Medical Marijuana

Why Are Michigan Prosecutors Reassessing Their Cases Against Medical Marijuana Patients?

Judging from Ginnifer Hency's case, the official reason is implausible.

|


Michigan House of Representatives

Trying to understand why prosecutors in St. Clair County, Michigan, suddenly decided to drop their case against Ginnifer Hency, a medical marijuana patient and caregiver, and return the property that police seized from her home, I obtained several court documents from Shyler Engel, her appellate attorney. The documents clarify why prosecutors decided to charge her in the first place, why a judge dismissed the charges, and why the prosecutors appealed that decision. But their avowed reason for withdrawing that appeal—a recent ruling by the Michigan Supreme Court interpreting the Michigan Medical Marihuana Act (MMMA)—makes even less sense in light of these details.

Hency was caught up in a raid of the DNA Wellness Center in Kimball Township by the St. Clair County Drug Task Force on July 28, 2014. Police found six ounces of marijuana in her backpack, which was well within the 15-ounce legal limit for her and the five patients she assists. But a sheriff's deputy reported that Hency told him she planned to swap the marijuana with another registered caregiver, Dale Shattuck, for the same amount of a different strain that was more suitable for her patients. The alleged plan for a swap that never actually happened was the basis for accusing her of possession with intent to deliver, since the MMMA does not explicity allow caregiver-to-caregiver transfers of marijuana.

On May 18, after four days of hearings, District Judge David Nicholson dismissed the charges against Hency, concluding that any violation of the law was "de minimis":

There is sufficient evidence to believe that [Hency] intended to deliver the six ounces of marijuana she had in her backpack…in exchange for a like amount to be delivered to her by Dale Shattuck. There is no evidence that would be admissible against Dale Shattuck that he knew of Hency's intentions or that he participated in any plan to make such a swap. The court is of the opinion that the violation is de minimis. The sequence would be as follows: Two people each have legal possession of six ounces of marijuana. They trade those amounts so that each now possesses six ounces of marijuana, an amount that would be legally held based on caregiver cards each held and the patient cards assigned to each of them. While arguably the act of exchanging the amounts held would constitute a delivery, the court is of the opinion that under these conditions the mutual delivery was not a change in position such as there would be in an exchange of an amount of marijuana for money or any other tangible asset.

On June 19, St. Clair County Senior Assistant Prosecuting Attorney Amy Stover appealed Nicholson's decision, arguing that it was an "abuse of discretion." Engel and Michael Komorn, Hency's trial lawyer, responded on July 7, arguing that Stover was applying the wrong standard of review. Nicholson's decision should be reversed only if it was "clear error," they said, and it wasn't:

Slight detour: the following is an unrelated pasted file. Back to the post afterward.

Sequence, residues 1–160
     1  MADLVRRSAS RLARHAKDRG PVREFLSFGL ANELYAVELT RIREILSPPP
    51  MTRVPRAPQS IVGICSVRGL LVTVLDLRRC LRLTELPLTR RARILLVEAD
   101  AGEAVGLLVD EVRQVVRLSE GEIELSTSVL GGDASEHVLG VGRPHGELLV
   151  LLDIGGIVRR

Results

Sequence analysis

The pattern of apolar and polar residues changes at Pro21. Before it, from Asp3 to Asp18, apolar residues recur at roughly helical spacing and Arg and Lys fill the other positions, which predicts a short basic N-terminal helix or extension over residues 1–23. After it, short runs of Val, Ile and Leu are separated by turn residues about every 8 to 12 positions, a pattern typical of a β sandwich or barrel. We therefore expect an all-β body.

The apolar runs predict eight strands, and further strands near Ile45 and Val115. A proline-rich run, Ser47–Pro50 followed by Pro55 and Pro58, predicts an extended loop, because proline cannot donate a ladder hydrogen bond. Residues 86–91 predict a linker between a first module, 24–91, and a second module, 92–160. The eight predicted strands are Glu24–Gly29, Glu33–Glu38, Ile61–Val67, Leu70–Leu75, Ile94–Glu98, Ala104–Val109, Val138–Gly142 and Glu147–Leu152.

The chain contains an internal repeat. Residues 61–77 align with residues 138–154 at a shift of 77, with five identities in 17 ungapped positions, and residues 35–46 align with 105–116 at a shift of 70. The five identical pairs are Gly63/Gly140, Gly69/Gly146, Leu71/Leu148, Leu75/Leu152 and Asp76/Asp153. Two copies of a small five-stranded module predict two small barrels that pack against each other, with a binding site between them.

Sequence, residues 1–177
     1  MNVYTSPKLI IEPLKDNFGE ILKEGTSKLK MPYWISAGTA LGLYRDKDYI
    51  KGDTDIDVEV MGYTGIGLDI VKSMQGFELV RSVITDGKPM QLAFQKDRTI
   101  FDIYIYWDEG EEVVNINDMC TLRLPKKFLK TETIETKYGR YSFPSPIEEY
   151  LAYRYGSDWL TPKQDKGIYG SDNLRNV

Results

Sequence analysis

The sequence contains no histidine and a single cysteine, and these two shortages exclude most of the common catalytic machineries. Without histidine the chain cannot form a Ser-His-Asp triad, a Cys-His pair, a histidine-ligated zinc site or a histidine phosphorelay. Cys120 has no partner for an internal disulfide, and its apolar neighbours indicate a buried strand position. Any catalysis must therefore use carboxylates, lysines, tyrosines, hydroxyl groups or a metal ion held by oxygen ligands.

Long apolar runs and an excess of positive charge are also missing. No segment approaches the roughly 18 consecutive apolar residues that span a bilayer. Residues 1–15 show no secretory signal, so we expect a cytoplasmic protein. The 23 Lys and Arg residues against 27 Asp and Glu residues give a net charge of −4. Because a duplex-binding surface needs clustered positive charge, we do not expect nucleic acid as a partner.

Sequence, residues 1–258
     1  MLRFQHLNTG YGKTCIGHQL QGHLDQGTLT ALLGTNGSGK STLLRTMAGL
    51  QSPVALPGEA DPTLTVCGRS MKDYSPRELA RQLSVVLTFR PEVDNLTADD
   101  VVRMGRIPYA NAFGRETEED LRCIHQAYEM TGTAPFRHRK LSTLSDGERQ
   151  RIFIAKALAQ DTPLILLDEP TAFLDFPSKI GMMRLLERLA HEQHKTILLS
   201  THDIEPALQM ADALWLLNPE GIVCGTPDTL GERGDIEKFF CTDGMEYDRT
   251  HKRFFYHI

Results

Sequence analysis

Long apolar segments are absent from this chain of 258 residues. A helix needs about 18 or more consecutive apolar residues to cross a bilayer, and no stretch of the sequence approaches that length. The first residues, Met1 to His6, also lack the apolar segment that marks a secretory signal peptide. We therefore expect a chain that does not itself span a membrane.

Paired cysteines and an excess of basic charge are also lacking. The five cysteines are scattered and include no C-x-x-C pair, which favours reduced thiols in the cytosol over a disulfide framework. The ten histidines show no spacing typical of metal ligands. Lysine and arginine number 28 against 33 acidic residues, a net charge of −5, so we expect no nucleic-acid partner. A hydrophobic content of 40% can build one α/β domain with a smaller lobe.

The record reflects that [Hency], if she had even made the statement regarding the exchange, was going to exchange the strain of marijuana for a different strain of marijuana for her registered qualifying patients. Accordingly, she was engaged in medical use under the Act, and her actions were protected. Should the MMMA not specifically permit a delivery or transfer to a non registered and qualifying patient, but it was for the benefit of the registered qualifying patients, then that violation of the MMMA is de minimis.

In her August 4 motion to withdraw her office's appeal, Stover cited the Michigan Supreme Court's July 27 decision in People v. Hartwick and People v. Tuttle. But it's not clear how that decision affected the prosecution's chances of winning its appeal or prevailing at trial. The ruling dealt with three main issues: a patient/caregiver's right to a pretrial immunity hearing, the impact of prohibited conduct on the legal status of marijuana-related activities that would otherwise be permitted, and the affirmative defense that is available to unregistered as well as registered patients and caregivers. But the court did not change the criteria for immunity, which are spelled out in the MMMA, and it did not address the legality of caregiver-to-caregiver transfers.

Engel summarizes the sequence of events this way:

District Court judge offers cryptic opinion throwing out Hency's case. Prosecutor appeals.

I write a reply. Prosecutor doesn't respond to my brief on appeal. Prosecutor dismisses case first court date after my brief is filed. Between the time my reply is filed and the first date on appeal, Michigan Supreme Court publishes Hartwick/Tuttle. Prosecutor says it compels dismissal. No way.

Stover said her office was reassessing about 20 cases in light of Hartwick/Tuttle. If Hency's case is any indication, the connection between the reassessment and the Michigan Supreme Court's decision is pretty tenuous. It seems more likely that the negative publicity surrounding profit-driven raids of medical marijuana patients, which has led to serious talk of forfeiture reform in the state legislature, has encouraged local officials to de-escalate their crackdown.